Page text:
Part 6: The competition entries
I’ve always been a writer ……..
I’ve only ever felt compelled to enter a writing competition three times: the first entry was to Buxton Opera House for a ‘Quest for new Musicals’ in 1990; the second was to a Channel 4 new sitcom competition in 1998; and the third was to the BBC’s search for a new sitcom in 2004. I got some encouraging feedback from the judges of the Musicals, “The writing and lyrics are much better than the music.” A, “Sorry to disappoint,” response from Channel 4. But nothing at all from the BBC. In fairness to the BBC, I didn’t really read the brief, and submitted a piece set in Lincolnshire in 1815 during the war with France. Imagine my amusement when I realised that they had asked for another 2 Pints of Lager and a Packet of Crisps!! So, here’s a little bit about each of them, for which I obeyed the advice, ‘write about what you know.’
Scandalous – The Musical
In collaboration with a musician friend who composed the tunes, I wrote the book and lyrics that weirdly presaged the love-rat scandals and resignations of the Tory Government that were to come, during John Major’s Premiership in the 1990s. What could I have known??!! Anyway, I knew the Westminster scene and had also just been to Amsterdam, where I had witnessed the prostitutes for sale in shop windows and thought how sad they all looked.
So, I naturally combined them both in a story about a Government backbench MP, known for controversially opposing legislation to make kerb-crawling illegal, and the beautiful Margarethe, an Amsterdam prostitute on holiday in London. They meet and fall in love, both concealing their true identities from the other. Throw in a suspended Red Top reporter anxious for a scoop, the wine bar gossips and rumour-mongers in both Westminster and Fleet Street (who sing a gossipy, commentary chorus throughout) it can only end in one thing – SCANDAL. Followed by the MP resigning his seat, the reporter re-instated and the beautiful ex- prostitute selling her story for an undisclosed sum!
In order to be turned down, we had to submit, 3 copies of a synopsis; a complete scene; lyrics for at least 3 songs; a design for a promotional poster (!); and a 12 minute cassette with a selection of musical numbers from the show. I remember the struggle we had recording the songs, with a single microphone on a short flex that couldn’t reach the piano. We had to move the piano (in a tiny space) and the composer maxed up the volume of his piano playing and I my singing! The resulting cassette really was not worth the effort. But the poster was excellent! And you know what? I could perform every scene of that musical for you even now.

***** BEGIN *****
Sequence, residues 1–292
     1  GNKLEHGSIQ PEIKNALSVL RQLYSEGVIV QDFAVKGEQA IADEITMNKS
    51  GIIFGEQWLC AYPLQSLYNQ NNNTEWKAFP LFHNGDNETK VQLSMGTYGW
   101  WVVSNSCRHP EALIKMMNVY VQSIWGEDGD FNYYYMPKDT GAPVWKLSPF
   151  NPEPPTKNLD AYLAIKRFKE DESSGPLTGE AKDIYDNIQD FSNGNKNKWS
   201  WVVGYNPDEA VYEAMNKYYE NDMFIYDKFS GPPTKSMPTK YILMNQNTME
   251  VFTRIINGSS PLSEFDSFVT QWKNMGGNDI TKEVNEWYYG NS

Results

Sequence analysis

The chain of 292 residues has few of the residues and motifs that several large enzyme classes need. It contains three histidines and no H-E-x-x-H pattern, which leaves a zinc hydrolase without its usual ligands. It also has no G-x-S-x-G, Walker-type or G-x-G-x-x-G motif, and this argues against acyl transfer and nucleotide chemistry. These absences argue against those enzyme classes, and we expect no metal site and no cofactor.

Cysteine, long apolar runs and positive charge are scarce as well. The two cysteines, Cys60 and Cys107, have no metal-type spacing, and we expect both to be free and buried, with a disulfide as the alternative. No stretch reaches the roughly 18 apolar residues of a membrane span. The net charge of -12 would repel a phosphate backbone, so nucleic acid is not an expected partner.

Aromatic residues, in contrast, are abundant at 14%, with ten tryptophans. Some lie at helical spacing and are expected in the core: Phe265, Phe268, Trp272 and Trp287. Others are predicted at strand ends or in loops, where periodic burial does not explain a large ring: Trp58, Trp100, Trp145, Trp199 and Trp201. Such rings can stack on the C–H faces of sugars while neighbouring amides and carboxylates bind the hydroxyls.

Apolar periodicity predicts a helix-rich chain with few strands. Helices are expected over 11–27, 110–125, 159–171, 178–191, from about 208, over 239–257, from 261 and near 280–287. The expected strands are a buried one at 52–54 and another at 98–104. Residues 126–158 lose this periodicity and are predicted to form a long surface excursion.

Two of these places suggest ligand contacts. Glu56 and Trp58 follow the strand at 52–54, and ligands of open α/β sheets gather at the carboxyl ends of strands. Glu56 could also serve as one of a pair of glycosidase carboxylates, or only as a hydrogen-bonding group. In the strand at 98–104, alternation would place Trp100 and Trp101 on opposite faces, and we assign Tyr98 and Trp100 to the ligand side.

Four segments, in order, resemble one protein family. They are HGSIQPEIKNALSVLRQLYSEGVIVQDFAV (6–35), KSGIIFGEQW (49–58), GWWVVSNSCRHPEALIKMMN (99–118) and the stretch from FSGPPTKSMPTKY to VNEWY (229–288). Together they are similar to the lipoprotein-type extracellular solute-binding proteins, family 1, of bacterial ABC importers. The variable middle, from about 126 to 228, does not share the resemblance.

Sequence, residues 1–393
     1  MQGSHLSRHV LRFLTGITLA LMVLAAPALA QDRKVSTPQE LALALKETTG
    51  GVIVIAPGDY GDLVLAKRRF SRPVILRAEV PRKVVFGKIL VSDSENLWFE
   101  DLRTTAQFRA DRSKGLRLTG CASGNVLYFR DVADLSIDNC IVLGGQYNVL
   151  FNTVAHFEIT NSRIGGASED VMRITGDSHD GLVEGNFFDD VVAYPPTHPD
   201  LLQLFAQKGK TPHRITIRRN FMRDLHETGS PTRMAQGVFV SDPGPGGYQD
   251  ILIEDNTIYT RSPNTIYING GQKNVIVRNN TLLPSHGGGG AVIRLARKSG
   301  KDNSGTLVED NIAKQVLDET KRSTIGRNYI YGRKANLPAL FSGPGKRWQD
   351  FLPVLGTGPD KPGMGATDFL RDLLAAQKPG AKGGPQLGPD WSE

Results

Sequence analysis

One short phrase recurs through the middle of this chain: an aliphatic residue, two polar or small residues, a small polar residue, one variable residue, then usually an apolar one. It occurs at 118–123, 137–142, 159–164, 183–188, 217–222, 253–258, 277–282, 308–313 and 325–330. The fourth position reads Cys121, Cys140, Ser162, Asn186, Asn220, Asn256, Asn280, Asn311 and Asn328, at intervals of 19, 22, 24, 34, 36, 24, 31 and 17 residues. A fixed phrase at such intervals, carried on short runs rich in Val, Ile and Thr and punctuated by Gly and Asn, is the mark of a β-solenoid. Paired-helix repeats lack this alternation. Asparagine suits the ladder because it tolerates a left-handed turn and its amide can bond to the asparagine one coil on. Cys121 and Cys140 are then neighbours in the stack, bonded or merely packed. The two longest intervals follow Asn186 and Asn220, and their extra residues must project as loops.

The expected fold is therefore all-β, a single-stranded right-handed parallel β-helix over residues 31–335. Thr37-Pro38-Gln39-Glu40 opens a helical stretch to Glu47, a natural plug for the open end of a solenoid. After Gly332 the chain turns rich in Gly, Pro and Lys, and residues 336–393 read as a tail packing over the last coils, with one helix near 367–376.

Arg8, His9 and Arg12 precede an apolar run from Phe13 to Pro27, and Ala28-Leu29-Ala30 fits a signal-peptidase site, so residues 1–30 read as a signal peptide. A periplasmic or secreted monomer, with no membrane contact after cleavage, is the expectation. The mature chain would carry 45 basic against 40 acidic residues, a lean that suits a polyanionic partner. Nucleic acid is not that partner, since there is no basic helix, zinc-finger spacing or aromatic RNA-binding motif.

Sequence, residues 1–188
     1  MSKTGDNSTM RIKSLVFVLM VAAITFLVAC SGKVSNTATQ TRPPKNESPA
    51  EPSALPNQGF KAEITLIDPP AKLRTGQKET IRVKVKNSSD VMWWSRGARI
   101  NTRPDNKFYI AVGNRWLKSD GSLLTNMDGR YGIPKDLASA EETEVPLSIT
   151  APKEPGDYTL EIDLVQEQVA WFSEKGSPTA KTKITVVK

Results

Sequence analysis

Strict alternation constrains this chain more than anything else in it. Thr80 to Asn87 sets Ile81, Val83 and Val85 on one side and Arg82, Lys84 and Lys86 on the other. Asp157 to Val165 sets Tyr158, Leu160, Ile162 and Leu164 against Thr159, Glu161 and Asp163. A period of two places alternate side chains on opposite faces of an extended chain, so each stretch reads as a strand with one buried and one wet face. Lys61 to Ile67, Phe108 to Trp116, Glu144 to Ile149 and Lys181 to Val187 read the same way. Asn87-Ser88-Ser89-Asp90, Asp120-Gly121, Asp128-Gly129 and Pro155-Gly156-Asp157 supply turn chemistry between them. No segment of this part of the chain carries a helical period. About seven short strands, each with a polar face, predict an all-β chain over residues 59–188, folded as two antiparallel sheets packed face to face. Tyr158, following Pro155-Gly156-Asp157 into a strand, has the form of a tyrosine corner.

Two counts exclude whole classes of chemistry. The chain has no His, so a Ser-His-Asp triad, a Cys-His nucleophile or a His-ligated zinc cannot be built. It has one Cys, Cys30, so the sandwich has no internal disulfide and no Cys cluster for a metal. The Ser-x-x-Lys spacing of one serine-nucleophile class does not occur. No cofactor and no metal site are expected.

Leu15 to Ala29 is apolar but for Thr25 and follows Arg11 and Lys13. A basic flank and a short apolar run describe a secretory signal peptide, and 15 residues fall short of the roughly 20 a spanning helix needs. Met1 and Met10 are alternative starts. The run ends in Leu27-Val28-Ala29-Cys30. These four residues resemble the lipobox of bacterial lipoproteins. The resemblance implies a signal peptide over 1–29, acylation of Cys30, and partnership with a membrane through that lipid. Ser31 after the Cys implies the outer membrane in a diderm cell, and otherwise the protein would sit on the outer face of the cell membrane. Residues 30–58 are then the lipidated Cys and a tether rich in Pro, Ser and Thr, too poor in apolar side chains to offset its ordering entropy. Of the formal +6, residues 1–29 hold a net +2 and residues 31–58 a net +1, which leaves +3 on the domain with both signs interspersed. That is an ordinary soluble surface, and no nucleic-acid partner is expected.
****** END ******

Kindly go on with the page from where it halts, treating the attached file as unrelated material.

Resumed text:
What They Want – a sitcom
What Channel 4 wanted was a full script for a first episode (playing time 26 minutes) with synopses for 5 subsequent episodes, to demonstrate how the series story played out. The most difficult thing was meeting the script layout requirements.
The series was essentially about a married man having an affair with a single woman, and what happened when his wife started a job working in the same suite of offices as his lover. The husband, his wife and his lover: just when anyone thinks they will get what they want, they are inevitably thwarted. And the husband is humiliated and mocked in every episode. Yes, this was a revenge comedy. I loved writing it, but it was terrible. Channel 4 did the right thing.
A Stitch in Time – a sitcom
I have to admit that this is my favourite. It was set in 1815, during the Napoleonic war, in the sleepy Lincolnshire wold village of Upp, a mile from a military garrison in one direction and a mile from the hamlet of Atham in the other. Our heroine was Maude (aged 18), eldest daughter of the Reverend and Mrs Stitch and sweetheart of Captain Hampton, away with the army in France.
Maude is full of ideas for making life more interesting for her local community of (predominantly) women and the obligatory Curate, as the local military are almost all in France. But life in Upp is not as dull as Maude thinks, and her ideas (a War Effort Knitting Circle, a Campaign, a Book Group, a Cooking Competition, a Protest) are constantly being upstaged and thwarted by local goings-on. These include an escaped French prisoner of war being hidden in plain sight (disguised variously as a woman, a visiting naturalist, a French chef) sexual liaisons, secrets, subterfuge and the unexpected birth of a child to a spinster of the parish. I described it as, ‘Jane Austen meets Blackadder and The Vicar of Dibley.’ But the eagle eyed amongst you will also have noted the men in uniform and Upp and Atham – say it aloud.
The BBC required the submission to include both a one sentence and one paragraph description of the set-up; an episode summary; a full cast of characters; a full scripted episode; and synopses of further episodes in the series. I actually still have the notes I wrote for more than one episode! It was a labour of love, featuring my home county; an historical setting; several love stories; references to favourite sitcoms; and pastiches of popular TV shows at the time, for example Ready Steady Cook!
I submitted the first episode, called Now that I’ve Found You, which relates to the search for a missing French POW. The Reverend Stitch and a returned Captain Hampton catch a poacher in a mantrap (it is Lincolnshire) and mistake him for the escaped POW. Maude’s best friend, Miss Bigg, has taken in the French POW and passes him off as her female cousin at Maude’s Knitting Circle. It still makes me laugh, but then I’m biased.
In the case of all the above, it was not the winning, but the taking part that was important. With each genre and the passing years, I became a better writer.